The attachment of a tax lien to a residence by the State Department of Revenue to secure the payment of assessed taxes without a prior judicial hearing did not violate the property owner's right to due process under the Fourteenth Amendment to the Constitution of the United States or art. 10 of the Declaration of Rights of the Massachusetts Constitution, where the attachment followed the owner's refusal to pay the taxes or to post some security for payment in lieu of the attachment and where all taxpayers' due process rights were adequately protected by the available postdeprivation procedures. [171-175]
CIVIL ACTION commenced in the Superior Court Department on November 1, 1993.
The case was heard by Barbara A. Lenk, J.
The Supreme Judicial Court granted an application for direct appellate review.
Carl Emmett Baylis for the plaintiff.
Pierce O. Cray, Assistant Attorney General, for the Commissioner of Revenue.
LIACOS, C.J. The plaintiff, Walter R. Leger, filed a complaint in the Worcester Superior Court seeking declaratory and injunctive relief from a tax lien attached to his residence by the Department of Revenue (department) to secure payment of taxes allegedly owed by Leger. In Count I, Leger sought a declaration that the cost of labor in reupholstering furniture, a commercial activity in which he engaged, is a service which is not subject to the sales tax under G. L. c. 64H, Sections 1 and 2 (1994 ed.). In Count II, Leger alleged that the placing of a lien on his residence prior to a judicial
hearing was in violation of the Fourteenth Amendment to the United States Constitution and art. 10 of the Declaration of Rights of the Massachusetts Constitution. Leger moved for partial summary judgment on Count II regarding his due process rights. The Commissioner of Revenue's (commissioner's) motion to dismiss Count I under Mass. R. Civ. P. 12 (b) (1), 365 Mass. 754 (1974), for failure to exhaust administrative remedies was granted by a judge in the Superior Court. [Note 1] With respect to Count II, the judge denied Leger's motion for summary judgment and allowed the commissioner's motion for partial judgment on the pleadings under Mass. R. Civ. P. 12 (c), 365 Mass. 754 (1974), and motion to dismiss under Mass. R. Civ. P. 12 (b) (6), 365 Mass. 754 (1974). [Note 2]
Leger appealed to the Appeals Court, claiming that the attachment of a tax lien to his residence prior to a judicial hearing violated his right to due process under the Fourteenth Amendment and art. 10. We granted his application for direct appellate review. We now affirm.
The facts as stated by the judge are these. [Note 3] Leger operated a sole proprietorship called Office Chair Maintenance Company (company) between 1975 and October, 1987. The company reupholstered worn office chairs brought in by customers. Leger collected a sales tax from his customers for the cost of materials, but did not charge or collect sales tax on the cost of labor.
After an examination of Leger's books by the audit bureau of the department, the department determined that Leger should have collected sales tax on the labor charges in his
reupholstering business. [Note 4] As a result, the department disallowed Leger's deduction for his labor charges. On September 14, 1990, the audit bureau sent two notices of intention to assess sales and use tax, one to the company for the period October 1, 1989, through March 31, 1990, and one to Leger doing business as the company for the periods January 1, 1985, through September 30, 1985, and July 1, 1987, through September 30, 1989. By letter dated September 17, 1990, Leger waived his right to an office conference pursuant to G. L. c. 62C, Section 26 (b), but requested, and was granted, an administrative hearing before the department's appeal and review bureau (appeal bureau). Leger was notified by a letter dated April 24, 1992, of the appeal bureau's opinion that reupholstering constitutes the taxable sale of tangible personal property.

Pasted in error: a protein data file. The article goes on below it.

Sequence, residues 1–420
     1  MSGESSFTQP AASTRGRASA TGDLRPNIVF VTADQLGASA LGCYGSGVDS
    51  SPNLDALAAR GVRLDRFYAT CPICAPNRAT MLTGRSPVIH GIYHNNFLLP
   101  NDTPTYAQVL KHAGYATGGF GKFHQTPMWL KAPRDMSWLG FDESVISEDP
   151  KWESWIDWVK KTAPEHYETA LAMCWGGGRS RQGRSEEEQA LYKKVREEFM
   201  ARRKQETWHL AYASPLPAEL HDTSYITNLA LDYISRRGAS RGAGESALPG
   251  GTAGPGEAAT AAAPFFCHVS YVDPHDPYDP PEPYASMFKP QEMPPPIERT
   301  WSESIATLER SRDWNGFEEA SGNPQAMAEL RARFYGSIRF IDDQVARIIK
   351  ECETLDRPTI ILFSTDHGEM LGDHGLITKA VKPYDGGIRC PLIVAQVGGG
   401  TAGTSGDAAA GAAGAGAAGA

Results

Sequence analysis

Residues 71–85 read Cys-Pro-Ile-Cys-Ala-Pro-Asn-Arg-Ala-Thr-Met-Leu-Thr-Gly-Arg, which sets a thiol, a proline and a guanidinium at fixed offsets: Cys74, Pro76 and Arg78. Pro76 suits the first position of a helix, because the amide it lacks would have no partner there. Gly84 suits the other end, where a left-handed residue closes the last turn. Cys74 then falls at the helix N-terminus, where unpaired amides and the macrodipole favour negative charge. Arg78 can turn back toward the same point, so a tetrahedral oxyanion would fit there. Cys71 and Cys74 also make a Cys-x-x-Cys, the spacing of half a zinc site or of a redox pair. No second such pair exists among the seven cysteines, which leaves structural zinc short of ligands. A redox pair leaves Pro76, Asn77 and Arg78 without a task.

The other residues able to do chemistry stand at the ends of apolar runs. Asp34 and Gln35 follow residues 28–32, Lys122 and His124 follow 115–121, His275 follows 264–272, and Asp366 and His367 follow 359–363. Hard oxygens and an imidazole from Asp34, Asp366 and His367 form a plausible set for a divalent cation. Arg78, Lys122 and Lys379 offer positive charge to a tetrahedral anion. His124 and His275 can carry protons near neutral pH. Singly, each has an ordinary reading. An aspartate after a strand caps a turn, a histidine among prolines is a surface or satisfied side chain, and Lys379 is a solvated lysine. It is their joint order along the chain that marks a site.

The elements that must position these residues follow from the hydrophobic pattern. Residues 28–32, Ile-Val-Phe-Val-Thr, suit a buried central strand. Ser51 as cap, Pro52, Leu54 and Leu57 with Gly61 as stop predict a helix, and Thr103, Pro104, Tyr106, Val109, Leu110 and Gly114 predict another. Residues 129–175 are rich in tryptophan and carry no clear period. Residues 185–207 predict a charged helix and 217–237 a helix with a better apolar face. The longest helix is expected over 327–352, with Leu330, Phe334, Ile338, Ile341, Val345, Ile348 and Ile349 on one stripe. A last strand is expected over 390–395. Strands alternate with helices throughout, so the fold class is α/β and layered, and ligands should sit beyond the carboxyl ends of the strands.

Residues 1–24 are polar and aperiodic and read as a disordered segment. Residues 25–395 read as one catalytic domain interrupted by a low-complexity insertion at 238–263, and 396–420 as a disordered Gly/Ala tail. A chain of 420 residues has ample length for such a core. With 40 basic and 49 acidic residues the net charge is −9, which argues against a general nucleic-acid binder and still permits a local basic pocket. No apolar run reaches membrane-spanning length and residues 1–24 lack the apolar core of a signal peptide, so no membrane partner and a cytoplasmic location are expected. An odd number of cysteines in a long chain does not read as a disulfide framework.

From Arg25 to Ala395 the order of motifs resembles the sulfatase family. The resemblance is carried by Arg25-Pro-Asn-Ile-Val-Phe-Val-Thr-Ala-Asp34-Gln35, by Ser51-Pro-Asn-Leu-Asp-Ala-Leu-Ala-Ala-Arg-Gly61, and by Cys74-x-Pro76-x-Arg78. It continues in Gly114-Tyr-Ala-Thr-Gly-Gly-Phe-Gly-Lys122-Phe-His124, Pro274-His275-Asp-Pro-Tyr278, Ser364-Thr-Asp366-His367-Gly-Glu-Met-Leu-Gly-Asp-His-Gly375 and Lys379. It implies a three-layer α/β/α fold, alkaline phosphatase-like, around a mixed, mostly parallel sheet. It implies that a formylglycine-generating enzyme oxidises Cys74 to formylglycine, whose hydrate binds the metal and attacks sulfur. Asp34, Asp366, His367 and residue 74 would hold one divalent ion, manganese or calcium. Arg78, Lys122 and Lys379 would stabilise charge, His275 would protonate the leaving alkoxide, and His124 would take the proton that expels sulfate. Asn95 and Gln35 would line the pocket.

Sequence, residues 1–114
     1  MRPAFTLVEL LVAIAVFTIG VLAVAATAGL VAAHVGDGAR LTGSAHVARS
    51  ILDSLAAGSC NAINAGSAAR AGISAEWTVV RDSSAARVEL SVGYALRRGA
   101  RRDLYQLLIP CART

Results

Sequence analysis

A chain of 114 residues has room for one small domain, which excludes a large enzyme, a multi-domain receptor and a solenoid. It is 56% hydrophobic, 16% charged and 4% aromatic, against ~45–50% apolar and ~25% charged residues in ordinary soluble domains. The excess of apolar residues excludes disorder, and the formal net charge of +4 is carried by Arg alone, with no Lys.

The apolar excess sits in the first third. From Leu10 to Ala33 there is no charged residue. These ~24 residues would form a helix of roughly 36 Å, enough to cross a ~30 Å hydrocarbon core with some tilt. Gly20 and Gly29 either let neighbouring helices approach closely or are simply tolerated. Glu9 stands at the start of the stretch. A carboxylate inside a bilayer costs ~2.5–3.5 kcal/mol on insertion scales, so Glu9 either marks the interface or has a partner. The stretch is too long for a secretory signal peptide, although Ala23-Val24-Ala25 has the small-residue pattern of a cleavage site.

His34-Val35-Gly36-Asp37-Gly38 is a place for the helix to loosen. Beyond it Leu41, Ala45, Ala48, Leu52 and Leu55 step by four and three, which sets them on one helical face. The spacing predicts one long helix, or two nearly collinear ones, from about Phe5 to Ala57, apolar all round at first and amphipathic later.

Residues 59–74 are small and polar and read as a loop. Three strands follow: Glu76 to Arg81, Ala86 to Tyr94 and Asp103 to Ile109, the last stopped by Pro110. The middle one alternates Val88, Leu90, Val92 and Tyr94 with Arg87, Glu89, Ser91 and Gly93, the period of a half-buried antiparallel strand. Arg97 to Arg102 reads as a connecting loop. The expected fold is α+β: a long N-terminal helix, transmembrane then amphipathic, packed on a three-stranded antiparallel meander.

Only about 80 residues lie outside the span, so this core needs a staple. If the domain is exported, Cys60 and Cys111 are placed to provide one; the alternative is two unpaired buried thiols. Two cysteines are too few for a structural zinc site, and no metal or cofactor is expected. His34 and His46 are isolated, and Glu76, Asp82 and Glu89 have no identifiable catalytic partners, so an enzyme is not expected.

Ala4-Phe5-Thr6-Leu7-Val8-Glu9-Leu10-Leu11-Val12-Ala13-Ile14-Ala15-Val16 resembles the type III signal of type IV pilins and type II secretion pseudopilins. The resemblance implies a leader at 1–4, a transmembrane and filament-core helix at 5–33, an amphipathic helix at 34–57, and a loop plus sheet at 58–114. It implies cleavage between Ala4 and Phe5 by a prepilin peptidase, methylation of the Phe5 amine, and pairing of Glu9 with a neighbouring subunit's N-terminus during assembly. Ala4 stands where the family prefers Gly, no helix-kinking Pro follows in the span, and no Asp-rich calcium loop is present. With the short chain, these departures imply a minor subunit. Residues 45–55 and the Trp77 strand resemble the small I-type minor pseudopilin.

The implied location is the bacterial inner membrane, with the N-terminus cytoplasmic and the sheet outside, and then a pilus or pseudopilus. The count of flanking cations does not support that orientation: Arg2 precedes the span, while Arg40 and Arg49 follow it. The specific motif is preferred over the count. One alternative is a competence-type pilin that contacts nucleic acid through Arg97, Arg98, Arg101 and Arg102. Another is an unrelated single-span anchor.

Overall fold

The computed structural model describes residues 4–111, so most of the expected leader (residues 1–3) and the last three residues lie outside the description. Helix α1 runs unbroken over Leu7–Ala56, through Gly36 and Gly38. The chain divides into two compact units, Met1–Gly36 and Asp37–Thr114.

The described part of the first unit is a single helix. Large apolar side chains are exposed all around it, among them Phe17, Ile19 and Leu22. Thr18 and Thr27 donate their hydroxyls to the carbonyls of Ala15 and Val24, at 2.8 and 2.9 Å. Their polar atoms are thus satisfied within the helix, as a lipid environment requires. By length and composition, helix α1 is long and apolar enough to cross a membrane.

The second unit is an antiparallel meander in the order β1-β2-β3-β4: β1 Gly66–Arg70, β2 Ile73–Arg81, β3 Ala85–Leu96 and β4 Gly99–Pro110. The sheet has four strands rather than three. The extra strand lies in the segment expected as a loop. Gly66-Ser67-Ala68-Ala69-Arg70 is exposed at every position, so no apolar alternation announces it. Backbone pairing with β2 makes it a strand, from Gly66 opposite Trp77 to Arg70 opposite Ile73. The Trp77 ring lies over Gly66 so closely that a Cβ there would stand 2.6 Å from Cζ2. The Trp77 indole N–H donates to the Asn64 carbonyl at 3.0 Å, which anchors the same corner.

The commissioner made a deficiency assessment on May 11, 1992, and mailed a notice of assessment to Leger on June 23, 1992. A demand for payment of the assessed taxes was sent to Leger on August 8, 1992, and a consolidated bill was mailed on September 1, 1992.
On September 1, 1992, Leger applied to the commissioner, pursuant to G. L. c. 62C, Section 37, for an abatement of the sales tax which had been assessed. The commissioner denied his application in two separate rulings, one dated on or before December 16, 1992, [Note 5] and the other dated April 5, 1993, each of which Leger appealed to the Appellate Tax Board (board) pursuant to G. L. c. 62C, Section 39 (c). These issues are still pending.
While Leger pursued these administrative remedies, he did not pay any of the contested taxes. On September 2, 1992, the department notified Leger that, if he failed to make payment within ten days, it would institute collection actions to secure payment of the amounts owed. The letter informed Leger that "[s]pecifically, these actions can and will include the filing of tax liens against your property, levying your bank accounts and/or wages and seizure of your assets." On November 6, 1992, the department filed a notice of Massachusetts tax lien (lien notice) against Leger's residence with the Secretary of the Commonwealth under G. L. c. 62C, Section 50 (1994 ed.). [Note 6] Notice of the lien was also recorded in the Worcester County registry of deeds.
Prior to the lien notice's being filed, Leger had had a hearing before the department's appeal bureau, but had had neither a determination of the commissioner's abatement decision, a hearing before the board, nor a judicial hearing.